As a kid, you probably weren’t afraid to express a little curiosity—specifically, by responding to every order from your parents (“Clean your room!”) with a simple, yet, in your young mind, compelling, “Why?”
While most parents probably don’t blink an eye at that retort, when your boss issues an order (“I need that PowerPoint ready by 3 PM”), “Why?” is probably not the most appropriate response.
In a professional setting, asking “Why?” can seem disrespectful and combative—and if you want to succeed in your position and move up in the company, that’s probably not the attitude you want to exude.
Used appropriately, however, that one word can make a difference in your productivity, happiness, and career advancement—particularly in these four situations.
1. You Don’t Agree With the Way You’re Supposed to Do Something
Companies love processes. They document standard operating procedures, best practices, and step-by-step instructions for everything from making a sales call to brewing coffee in the break room.
While established processes can be helpful, you may have ideas to do things in a different, more efficient way—and asking “Why?” can be the perfect way to initiate a dialogue about changing up the old standards.
For instance, to finalize a report, the current process may require you to get approval from a number of managers across several departments—who don’t actually have anything to do with the report. In your mind, there must be a more efficient way to get that item checked off your to-do list.
Asking your boss, “Why do we do things this way?” will either reveal why those approvals are necessary or urge your manager to reevaluate the process (and give you and your idea a chance to shine).
2. You’re Asked to Do Something Outside of Your Job Description
In some roles, no responsibility is off limits—especially when it comes to startups. You may be writing code one day, then organizing the supply room the next. In many cases, it’s important to pitch in where you’re needed without complaint.
But there is a line. For example, maybe your boss asks you to make a number of calls to help organize a personal party she’s hosting. Or, even though you were hired as a sales representative, your manager constantly asks you to take customer support calls, which hinders your ability to connect with your prospects.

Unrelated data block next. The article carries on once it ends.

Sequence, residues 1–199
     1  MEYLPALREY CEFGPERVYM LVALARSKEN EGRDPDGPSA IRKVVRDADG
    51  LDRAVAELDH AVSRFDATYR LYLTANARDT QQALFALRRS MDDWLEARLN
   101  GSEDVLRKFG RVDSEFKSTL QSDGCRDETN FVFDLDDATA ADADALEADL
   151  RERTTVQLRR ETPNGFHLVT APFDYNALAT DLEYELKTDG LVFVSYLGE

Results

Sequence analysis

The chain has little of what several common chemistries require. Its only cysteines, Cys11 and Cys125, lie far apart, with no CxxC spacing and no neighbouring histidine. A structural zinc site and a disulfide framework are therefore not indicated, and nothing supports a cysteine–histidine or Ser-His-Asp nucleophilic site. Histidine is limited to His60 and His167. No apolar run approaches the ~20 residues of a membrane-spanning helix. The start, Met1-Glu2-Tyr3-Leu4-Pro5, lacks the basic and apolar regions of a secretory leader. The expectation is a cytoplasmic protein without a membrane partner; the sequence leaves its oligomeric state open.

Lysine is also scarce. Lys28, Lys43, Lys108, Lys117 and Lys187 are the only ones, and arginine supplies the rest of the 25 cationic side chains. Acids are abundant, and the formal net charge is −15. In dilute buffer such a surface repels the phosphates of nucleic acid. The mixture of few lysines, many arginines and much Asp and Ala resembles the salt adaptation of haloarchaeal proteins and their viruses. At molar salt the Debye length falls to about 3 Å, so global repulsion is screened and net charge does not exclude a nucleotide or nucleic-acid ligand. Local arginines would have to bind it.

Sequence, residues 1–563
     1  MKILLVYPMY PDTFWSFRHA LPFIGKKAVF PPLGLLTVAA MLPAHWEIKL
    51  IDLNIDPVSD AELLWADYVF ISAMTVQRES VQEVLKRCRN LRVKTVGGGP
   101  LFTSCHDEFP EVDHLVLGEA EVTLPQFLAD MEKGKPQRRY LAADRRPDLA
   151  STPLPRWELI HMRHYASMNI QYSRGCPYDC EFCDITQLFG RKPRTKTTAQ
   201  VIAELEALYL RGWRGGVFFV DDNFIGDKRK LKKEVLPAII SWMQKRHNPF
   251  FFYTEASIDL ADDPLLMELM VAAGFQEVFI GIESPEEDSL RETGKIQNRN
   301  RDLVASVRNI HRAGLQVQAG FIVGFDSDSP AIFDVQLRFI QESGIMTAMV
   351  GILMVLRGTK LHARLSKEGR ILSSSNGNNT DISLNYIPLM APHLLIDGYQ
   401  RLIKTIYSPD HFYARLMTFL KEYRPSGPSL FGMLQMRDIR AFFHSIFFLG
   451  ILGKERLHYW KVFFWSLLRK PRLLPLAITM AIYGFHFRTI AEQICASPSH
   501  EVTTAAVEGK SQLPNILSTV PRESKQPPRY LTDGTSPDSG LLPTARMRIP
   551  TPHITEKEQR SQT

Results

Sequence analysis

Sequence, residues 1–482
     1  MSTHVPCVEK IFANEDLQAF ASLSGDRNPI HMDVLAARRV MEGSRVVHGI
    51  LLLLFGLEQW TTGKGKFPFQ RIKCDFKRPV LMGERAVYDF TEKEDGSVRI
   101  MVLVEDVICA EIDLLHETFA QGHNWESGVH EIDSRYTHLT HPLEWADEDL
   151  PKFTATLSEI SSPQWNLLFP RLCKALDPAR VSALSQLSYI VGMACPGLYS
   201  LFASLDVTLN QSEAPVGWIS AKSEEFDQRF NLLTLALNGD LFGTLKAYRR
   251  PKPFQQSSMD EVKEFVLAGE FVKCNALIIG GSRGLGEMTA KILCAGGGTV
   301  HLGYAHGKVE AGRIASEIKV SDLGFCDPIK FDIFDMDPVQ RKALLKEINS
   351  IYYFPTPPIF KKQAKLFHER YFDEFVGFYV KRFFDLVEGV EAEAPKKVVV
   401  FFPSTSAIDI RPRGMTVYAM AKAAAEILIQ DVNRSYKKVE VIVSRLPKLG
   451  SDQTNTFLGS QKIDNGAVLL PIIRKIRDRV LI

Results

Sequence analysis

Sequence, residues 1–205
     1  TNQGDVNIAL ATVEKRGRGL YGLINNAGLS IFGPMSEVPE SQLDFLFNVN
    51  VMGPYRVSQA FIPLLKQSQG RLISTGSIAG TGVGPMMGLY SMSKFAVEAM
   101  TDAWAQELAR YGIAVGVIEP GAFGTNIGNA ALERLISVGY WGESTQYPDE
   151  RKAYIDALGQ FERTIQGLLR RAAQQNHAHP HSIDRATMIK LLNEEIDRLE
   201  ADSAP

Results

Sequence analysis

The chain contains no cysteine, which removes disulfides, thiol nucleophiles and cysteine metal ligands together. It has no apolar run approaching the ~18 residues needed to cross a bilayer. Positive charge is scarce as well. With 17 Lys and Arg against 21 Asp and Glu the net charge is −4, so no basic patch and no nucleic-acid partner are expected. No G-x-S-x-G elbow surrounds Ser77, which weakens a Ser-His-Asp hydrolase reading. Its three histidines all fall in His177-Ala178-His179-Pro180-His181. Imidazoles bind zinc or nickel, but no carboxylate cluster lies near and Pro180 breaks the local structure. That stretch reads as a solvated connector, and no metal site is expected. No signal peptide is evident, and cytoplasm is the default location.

To make sure you can continue to fulfill your core responsibilities and grow within your role, you may need to respectfully approach your manager with a thoughtful “Why?” You could say, for example, “I’m not sure this aligns with my role—can you help me understand why I’ve been assigned this task?”
With that question, you can open up a conversation to more clearly define your role and responsibilities.
3. You Get Feedback You Don’t Agree With
There are few things more disheartening than turning in an assignment you’re extremely proud of or scheduling a performance review after what you thought was a stellar year—only to hear feedback that’s completely out of line with your expectations.
Instead of praise, you’re told your assignment needs multiple revisions. Rather than giving you a raise, your manager suggests that you should completely revamp your management style to be more effective.
If that feedback doesn’t match up with your expectations, now is the perfect time to dig deeper and ask for details. For example, you could point to a specific portion of your assignment that was marked with edits and ask your manager, “Why did you made this change?” Or, in response to a suggested change in your management style, you could say, “Can you explain why you think this is a better approach?”
It’s only when you truly understand that feedback that you can make the necessary changes.
4. You Didn’t Get Something You Wanted
Maybe you made a strong case to your boss for a raise, voiced your interest in a promotion to a manager role, or interviewed at your absolute dream company—but you didn’t make the cut.
The embarrassment of that defeat can be enough to make your turn your head and pretend it all didn’t happen—you’ll just try again next year.
But vowing to simply “do better” leaves you with no tangible goals. Instead, the simple question “Why?” can help you can gain insight into what you need to do differently to achieve that goal.
For example, maybe you ask your boss, “Can you tell me why Aaron was chosen for the promotion?” You might discover that while you’ve been a high-performing team member, Aaron spent the last year getting certified as a project manager and volunteering for cross-departmental projects, and used those achievements to position himself as the ideal candidate.
Now, you have insight into exactly why you weren’t chosen—and what you can do differently to boost your chances next time.
Asking “Why?” doesn’t have to be rude or disruptive. Phrased respectfully, the simple question can help you do your job better, be more productive, and boost your career success.